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Proceedings Paper

Classification of breast calcifications in dual-energy FFDM using a convolutional neural network: simulation study
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Paper Abstract

Based on chemical composition, two types of microcalcifications are found within the breast. Type I calcifications consist of calcium oxalate (CaOx), whereas Type II calcifications are composed of calcium phosphates, mainly hydroxyapatite (CaHa). Previous tissue analysis studies1, 2 have shown that Type I calcifications are typically found in benign lesions, and are not associated with carcinoma. Type II calcifications, on the other hand, can be found in both benign and malignant breast lesions. It was estimated1 that lesions with solely Type I calcifications represented 12-17% of benign biopsies performed. Therefore, an imaging method that could differentiate calcified lesions with solely CaOx calcifications might help in reducing unnecessary breast biopsies. Previous studies3-5 have shown that dual-energy mammography can be an effective tool in discriminating between these two classes of calcifications. In this work we investigate if a convolutional neural network (CNN) can be trained to distinguish between these two types of calcified clusters, using dual-energy x-ray mammograms. We implement a Monte Carlo mammography simulator package to model a dual-energy FFDM system and use a realistic anthropomorphic digital breast phantom model6 with embedded microcalcifications. A Resnet CNN architecture was used to classify the ROIs containing either CaOX, or CaOx clusters. We report classification accuracy results in terms ROC curve and the corresponding area under it.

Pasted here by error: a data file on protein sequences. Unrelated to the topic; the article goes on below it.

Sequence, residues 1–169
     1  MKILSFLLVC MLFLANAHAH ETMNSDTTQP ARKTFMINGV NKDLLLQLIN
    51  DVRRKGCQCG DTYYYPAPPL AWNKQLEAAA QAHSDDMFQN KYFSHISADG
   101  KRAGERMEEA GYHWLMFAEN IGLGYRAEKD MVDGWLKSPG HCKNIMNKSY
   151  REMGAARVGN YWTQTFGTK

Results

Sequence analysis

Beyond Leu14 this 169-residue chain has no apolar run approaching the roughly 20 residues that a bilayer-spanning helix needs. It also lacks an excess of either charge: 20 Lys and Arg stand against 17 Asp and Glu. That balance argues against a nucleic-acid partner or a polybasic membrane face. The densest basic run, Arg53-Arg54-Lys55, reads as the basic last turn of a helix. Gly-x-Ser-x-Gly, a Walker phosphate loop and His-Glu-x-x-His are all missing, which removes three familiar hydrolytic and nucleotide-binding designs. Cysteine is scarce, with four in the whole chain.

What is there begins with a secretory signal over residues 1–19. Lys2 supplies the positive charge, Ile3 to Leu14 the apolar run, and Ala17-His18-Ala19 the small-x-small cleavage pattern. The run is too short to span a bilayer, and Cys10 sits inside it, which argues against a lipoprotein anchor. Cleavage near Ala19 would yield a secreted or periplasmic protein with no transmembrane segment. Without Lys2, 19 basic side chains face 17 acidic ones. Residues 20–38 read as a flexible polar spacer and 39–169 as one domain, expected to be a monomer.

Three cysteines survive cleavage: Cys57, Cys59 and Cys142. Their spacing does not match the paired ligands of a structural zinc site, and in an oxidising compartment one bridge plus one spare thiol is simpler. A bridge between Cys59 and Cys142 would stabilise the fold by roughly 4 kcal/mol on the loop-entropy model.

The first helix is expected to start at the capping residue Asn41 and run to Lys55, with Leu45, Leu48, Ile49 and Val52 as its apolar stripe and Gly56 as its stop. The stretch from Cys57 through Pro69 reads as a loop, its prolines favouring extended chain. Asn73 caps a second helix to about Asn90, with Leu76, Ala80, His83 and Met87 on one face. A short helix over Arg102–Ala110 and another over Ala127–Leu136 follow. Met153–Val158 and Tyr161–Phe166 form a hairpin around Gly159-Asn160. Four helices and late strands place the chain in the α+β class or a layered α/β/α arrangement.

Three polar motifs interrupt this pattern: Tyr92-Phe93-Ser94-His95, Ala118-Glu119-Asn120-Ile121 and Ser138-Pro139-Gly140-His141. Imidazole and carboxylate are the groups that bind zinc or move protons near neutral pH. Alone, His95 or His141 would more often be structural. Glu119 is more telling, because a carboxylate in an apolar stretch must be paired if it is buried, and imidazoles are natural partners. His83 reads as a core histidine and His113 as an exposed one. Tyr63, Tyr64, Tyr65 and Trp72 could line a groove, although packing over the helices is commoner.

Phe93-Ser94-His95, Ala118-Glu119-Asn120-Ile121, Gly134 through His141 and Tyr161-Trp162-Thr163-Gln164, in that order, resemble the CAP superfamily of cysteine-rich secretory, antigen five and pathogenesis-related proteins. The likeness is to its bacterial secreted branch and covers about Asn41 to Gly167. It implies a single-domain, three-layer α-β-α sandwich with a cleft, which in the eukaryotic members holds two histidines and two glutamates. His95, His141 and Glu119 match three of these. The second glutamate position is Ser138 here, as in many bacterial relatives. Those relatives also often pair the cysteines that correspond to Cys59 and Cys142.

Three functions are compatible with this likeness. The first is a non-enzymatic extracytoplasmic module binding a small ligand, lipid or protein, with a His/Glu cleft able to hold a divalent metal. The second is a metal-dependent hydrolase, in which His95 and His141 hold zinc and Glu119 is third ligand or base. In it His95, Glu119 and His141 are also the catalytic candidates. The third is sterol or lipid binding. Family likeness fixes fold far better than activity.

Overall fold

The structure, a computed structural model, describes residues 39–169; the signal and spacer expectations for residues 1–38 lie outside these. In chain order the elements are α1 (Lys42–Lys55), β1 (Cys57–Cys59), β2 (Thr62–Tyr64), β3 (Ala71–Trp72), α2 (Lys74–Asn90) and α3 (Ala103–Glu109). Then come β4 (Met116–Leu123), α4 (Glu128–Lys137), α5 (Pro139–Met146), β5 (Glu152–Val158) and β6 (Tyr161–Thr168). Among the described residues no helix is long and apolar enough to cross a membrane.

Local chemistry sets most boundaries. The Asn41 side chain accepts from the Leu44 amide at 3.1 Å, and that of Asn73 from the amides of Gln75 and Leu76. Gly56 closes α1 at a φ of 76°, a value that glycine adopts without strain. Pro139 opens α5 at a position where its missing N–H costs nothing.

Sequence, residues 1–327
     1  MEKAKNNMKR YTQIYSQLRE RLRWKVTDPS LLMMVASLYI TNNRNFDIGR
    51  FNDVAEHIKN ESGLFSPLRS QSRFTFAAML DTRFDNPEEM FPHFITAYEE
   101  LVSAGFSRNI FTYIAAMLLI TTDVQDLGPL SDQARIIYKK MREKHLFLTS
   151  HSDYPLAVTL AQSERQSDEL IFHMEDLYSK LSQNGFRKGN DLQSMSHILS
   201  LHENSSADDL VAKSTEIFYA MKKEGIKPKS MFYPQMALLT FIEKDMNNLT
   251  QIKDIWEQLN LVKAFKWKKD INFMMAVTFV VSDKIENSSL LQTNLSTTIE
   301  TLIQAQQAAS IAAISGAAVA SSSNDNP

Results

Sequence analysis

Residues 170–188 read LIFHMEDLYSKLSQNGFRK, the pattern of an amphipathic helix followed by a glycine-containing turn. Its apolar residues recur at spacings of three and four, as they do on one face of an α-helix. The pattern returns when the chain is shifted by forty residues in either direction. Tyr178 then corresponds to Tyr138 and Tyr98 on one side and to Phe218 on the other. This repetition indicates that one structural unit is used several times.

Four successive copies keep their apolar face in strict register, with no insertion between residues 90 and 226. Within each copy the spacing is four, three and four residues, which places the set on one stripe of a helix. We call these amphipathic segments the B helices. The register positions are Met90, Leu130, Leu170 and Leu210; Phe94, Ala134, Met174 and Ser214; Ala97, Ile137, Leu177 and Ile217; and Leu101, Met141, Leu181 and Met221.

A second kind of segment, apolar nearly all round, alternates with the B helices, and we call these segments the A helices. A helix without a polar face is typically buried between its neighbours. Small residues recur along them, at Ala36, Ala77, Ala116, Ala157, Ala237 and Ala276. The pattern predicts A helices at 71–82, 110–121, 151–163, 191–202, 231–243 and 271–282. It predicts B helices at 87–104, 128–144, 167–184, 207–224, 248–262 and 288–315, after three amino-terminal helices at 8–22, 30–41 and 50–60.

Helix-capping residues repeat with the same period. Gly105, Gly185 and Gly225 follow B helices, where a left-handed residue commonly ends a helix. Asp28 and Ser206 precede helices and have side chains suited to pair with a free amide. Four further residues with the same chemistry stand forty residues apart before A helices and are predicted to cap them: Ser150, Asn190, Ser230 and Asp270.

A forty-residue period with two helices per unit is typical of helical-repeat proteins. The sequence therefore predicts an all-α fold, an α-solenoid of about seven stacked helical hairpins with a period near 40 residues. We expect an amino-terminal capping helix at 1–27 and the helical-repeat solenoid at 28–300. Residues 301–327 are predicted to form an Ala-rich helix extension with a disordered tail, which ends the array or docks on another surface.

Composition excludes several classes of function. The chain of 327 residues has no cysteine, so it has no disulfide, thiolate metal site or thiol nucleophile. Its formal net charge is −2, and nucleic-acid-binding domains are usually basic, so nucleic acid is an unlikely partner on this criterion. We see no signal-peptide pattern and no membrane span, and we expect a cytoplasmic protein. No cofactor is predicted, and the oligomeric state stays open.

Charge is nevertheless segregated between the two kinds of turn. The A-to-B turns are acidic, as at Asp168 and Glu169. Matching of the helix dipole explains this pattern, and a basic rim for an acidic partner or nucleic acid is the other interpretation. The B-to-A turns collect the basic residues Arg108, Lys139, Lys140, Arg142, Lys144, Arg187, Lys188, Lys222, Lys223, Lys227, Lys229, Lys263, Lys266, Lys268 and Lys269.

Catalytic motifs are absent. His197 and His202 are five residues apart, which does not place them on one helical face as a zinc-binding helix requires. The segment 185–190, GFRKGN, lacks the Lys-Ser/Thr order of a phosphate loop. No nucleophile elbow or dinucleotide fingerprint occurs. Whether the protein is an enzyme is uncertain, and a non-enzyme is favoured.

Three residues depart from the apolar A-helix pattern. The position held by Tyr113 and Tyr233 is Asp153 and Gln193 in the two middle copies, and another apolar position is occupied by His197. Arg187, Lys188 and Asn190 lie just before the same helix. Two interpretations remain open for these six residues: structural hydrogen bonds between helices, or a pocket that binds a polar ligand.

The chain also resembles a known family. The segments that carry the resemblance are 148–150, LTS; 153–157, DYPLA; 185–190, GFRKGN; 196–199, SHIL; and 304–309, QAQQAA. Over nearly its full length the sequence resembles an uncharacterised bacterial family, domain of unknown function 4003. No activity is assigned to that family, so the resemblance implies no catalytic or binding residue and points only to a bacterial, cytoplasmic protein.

Paper Details

Date Published: 16 March 2020
PDF: 6 pages
Proc. SPIE 11312, Medical Imaging 2020: Physics of Medical Imaging, 113120M (16 March 2020); doi: 10.1117/12.2548454
Show Author Affiliations
Andrey Makeev, Food and Drug Administration (United States)
Bahaa Ghammraoui, Food and Drug Administration (United States)
Andreu Badal, Food and Drug Administration (United States)
Christian G. Graff, Food and Drug Administration (United States)
Stephen J. Glick, Food and Drug Administration (United States)


Published in SPIE Proceedings Vol. 11312:
Medical Imaging 2020: Physics of Medical Imaging
Guang-Hong Chen; Hilde Bosmans, Editor(s)

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